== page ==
While our Internet and Hardware analyst Daniel Flax says that Cloud Computing trends remain healthy longer-term, he expects the near-term focus to remain on workload optimization. Regulation also remains a key theme in the sector, especially for platform companies, and we closely monitor ongoing investigations and policy shifts. As the sector faces an increased focus on privacy, some of the larger platforms are still well positioned to grow, driven by strong execution on their product roadmaps and their first-party data.

Even in Semiconductors, there are important dynamics in addition to AI. Industry automation, electrification and connectivity remain significant growth opportunities. Meanwhile, different chip markets are going through an asynchronous cycle: We think those first into the correction—such as PCs, smartphones and memory—can continue to recover, to different degrees, through 2024, while markets like communications equipment, industrial and automotive, which came into the slowdown later, could be softer through the first half of this year.

Financials: Banks Bounce Back, Alternative Asset Managers Soar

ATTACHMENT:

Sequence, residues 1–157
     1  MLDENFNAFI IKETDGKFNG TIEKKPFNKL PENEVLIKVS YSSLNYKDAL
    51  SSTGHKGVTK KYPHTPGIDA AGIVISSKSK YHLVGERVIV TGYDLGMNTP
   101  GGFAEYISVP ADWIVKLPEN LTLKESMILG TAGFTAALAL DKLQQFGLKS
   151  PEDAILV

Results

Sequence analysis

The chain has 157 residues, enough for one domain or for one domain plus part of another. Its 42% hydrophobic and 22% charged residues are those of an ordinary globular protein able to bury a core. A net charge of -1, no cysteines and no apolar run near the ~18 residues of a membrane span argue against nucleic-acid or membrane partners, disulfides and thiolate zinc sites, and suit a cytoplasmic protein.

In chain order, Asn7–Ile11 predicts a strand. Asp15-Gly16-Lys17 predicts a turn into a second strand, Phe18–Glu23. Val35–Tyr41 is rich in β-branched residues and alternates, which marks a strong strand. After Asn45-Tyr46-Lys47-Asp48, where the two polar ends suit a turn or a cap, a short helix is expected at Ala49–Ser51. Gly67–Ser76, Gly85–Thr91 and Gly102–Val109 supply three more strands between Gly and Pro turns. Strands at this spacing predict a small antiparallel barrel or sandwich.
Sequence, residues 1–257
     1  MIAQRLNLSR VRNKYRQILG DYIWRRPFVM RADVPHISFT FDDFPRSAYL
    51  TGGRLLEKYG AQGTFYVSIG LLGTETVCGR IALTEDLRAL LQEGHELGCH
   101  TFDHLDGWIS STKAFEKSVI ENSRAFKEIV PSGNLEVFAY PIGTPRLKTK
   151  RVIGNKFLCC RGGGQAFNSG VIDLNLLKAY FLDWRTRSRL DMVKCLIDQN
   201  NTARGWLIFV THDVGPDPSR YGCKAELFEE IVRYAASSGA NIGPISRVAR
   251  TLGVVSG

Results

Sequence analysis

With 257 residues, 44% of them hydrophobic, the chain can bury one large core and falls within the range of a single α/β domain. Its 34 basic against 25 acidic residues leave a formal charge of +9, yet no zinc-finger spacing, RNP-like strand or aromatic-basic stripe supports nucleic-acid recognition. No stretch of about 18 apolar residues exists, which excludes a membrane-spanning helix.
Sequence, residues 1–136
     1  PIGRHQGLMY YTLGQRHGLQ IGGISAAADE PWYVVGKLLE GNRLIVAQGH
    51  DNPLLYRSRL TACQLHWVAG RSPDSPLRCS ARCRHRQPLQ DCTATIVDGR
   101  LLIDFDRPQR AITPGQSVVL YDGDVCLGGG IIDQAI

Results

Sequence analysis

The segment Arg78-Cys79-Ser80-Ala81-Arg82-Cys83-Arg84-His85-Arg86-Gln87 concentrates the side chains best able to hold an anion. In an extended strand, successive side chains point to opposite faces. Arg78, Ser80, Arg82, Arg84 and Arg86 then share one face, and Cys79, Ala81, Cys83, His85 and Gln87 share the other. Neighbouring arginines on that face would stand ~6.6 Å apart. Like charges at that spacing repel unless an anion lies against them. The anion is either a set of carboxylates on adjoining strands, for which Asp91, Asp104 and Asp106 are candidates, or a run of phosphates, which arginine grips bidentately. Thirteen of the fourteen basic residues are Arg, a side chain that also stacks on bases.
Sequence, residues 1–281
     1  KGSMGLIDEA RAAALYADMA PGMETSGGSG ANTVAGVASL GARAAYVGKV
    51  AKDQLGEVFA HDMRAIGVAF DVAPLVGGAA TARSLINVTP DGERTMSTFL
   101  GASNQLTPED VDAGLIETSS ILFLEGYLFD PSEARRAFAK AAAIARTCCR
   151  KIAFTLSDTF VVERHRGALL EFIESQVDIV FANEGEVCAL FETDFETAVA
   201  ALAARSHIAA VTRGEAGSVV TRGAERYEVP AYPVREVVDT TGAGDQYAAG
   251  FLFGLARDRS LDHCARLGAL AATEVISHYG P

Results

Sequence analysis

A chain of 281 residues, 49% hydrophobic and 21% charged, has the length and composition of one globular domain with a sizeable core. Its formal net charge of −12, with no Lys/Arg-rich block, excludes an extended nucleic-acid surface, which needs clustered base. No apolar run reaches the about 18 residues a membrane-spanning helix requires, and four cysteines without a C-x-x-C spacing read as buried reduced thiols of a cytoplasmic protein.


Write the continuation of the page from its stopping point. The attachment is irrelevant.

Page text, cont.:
Election politics, the macroeconomic background and the path of interest rates loomed large in last week’s industry outlook piece. Unsurprisingly, we also see them as key drivers of Financials through 2024.

Bank stocks started 2023 with a crisis, and endured months with an inverted yield curve. They came back to life in the fourth quarter as markets began to price for lower rates, earnings estimates began to stabilize and signs of easing appeared on the regulatory front. Valuations are attractive, but our analysts remain wary of lenders with above-average commercial real estate exposure and are seeking out stocks with potential re-rating catalysts, such as restructuring.

In Insurance, our analyst Chai Gohil is most bullish on Personal Property & Casualty (P&C) insurers, which had a good 2023. Price increases have outpaced losses despite rising inflation, so Chai thinks these businesses can generally continue to expand margins through 2024, justifying current valuations. In contrast, we think the pricing cycle in Commercial P&C has matured and the resulting reorientation to growth could threaten margins.